Debby Wong/US Presswire
Johan Santana wasn't sharp in his first game after the no-hitter. Terry Collins blamed himself, saying two extra days of rest deprived Santana of his sharpness.
Yankees starter Hiroki Kuroda held the Mets hitless until Omar Quintanilla's two-out double in the sixth.
Santana, who entered the outing having tossed consecutive shutouts, had never allowed homers to three straight batters. The last Met to surrender three straight homers: John Maine at Dodger Stadium on June 12, 2007. Santana had only surrendered four total long balls total in his first 11 starts of the season. His line in an 86-pitch effort: 5 IP, 7 H, 6 R, 6 ER, 1 BB, 5 K, 4 HR.
Afterward, Terry Collins blamed himself for Santana's performance, suggesting the two extra days of rest upset the ace's sharpness.
Collins originally wanted Santana to pitch on one extra day of rest Thursday, with R.A. Dickey pitching a day early and Jeremy Hefner unneeded for a spot start. Santana replied that he did not want to disrupt Dickey's groove. So Santana requested to go on normal rest Wednesday, albeit with a low pitch count. Instead, Collins opted for the two extra days following Santana's 134-pitch no-hitter.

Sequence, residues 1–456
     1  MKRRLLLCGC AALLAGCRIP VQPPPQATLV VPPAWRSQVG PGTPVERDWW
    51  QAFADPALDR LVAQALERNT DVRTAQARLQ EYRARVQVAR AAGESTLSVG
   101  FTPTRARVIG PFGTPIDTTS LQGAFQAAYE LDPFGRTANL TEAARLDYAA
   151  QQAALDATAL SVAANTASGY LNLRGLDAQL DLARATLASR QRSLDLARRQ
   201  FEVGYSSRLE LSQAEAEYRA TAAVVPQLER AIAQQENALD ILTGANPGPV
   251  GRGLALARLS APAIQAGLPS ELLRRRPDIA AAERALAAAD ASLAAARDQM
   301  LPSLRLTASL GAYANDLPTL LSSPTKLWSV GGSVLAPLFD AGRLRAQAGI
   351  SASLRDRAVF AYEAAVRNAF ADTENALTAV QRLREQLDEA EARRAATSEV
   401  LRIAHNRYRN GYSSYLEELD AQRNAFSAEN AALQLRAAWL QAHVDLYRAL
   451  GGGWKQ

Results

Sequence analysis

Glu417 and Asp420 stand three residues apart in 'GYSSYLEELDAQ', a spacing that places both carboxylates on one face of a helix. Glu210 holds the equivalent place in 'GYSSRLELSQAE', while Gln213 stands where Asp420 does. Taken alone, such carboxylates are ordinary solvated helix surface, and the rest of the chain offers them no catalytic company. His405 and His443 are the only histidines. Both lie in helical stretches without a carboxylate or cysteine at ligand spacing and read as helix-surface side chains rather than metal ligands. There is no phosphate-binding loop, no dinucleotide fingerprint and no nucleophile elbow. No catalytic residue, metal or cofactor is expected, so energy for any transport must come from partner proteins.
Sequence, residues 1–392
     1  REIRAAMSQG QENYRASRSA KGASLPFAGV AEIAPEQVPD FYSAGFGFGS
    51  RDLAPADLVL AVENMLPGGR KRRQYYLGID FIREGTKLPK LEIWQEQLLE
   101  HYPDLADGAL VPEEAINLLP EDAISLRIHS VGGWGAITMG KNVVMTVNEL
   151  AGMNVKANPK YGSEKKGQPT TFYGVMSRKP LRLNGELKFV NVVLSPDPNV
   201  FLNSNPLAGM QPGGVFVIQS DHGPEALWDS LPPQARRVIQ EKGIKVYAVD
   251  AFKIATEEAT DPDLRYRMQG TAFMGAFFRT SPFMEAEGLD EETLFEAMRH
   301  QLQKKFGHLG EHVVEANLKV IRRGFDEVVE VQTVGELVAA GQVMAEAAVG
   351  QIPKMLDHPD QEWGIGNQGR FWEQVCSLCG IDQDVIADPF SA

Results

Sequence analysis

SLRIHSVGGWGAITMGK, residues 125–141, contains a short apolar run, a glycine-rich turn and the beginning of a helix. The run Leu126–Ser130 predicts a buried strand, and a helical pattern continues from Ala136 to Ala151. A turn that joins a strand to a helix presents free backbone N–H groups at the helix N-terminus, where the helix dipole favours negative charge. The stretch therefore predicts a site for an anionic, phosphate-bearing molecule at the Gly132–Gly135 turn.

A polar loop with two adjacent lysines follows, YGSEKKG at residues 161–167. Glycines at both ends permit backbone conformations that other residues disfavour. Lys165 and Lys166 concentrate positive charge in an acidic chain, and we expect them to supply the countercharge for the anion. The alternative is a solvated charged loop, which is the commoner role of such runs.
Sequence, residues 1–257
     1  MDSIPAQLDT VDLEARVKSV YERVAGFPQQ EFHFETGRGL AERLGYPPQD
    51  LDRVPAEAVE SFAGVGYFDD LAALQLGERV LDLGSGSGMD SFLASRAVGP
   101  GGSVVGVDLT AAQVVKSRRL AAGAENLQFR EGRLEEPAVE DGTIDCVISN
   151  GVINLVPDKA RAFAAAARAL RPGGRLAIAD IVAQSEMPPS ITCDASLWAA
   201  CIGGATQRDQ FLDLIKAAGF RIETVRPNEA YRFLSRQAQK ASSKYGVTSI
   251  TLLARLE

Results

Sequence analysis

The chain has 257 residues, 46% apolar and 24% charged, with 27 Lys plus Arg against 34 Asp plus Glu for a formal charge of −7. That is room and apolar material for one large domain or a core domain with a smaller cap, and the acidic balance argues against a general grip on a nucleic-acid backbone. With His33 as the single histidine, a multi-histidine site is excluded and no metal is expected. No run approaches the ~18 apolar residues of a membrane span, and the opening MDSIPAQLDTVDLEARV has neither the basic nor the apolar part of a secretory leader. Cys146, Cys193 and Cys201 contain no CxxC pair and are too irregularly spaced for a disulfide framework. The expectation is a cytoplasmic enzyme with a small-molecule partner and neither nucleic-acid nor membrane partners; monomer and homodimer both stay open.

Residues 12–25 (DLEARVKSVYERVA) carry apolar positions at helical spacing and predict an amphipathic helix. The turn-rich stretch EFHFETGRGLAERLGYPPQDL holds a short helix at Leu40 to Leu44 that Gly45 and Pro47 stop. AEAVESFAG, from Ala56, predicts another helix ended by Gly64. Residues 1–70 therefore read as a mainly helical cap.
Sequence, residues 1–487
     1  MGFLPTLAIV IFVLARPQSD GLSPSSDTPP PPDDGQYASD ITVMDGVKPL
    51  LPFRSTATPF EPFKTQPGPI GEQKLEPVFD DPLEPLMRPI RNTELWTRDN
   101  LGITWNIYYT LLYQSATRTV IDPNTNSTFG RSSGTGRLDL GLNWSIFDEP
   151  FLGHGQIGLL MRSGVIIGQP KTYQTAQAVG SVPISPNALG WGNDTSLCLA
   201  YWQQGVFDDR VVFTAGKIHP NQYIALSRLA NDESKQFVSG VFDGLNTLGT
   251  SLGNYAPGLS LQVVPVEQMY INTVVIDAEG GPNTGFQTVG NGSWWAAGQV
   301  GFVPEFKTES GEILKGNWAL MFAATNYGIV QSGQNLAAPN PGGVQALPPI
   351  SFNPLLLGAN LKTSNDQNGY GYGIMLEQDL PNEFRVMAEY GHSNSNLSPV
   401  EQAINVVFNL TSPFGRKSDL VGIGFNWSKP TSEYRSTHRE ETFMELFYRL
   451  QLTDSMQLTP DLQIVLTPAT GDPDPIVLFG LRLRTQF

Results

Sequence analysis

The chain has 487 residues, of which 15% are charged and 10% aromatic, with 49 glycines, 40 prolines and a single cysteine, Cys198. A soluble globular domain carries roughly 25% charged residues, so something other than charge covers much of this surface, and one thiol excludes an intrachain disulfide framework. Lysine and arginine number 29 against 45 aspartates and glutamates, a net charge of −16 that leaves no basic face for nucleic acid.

"He's rusty," Collins said. "It's my doing, not his. ... We erred on the side of caution and it cost us the game tonight."
Tonight at 7:15 p.m. on Fox, Dillon Gee (4-3, 4.48) opposes Yankees right-hander Phil Hughes (5-5, 4.96) in the Bronx.
Saturday's news reports:
• Rookie Elvin Ramirez could not limit the damage after Santana departed. Ramirez, making his third major league appearance, walked four and was charged with three runs in 1 2/3 innings. The Mets' lone run came with two outs in the ninth inning against ex-teammate Ryota Igarashi. Read game recaps in the Post, Journal, Daily News, Star-Ledger, Newsday and Record.
• Jon Rauch rejoined the Mets bullpen after skipping the series in D.C. to allow the inflammation in his "debris"-littered right elbow to calm. He entered with the Mets trailing by nine runs in the eighth and tossed a scoreless frame that included one bloop hit. Rauch said he took anti-inflammatory medication while remaining behind in New York. He assigned the root of the issue to bones grating with each other and irritating a nerve. He told reporters surgery will not be necessary. Read more in the Star-Ledger and Record.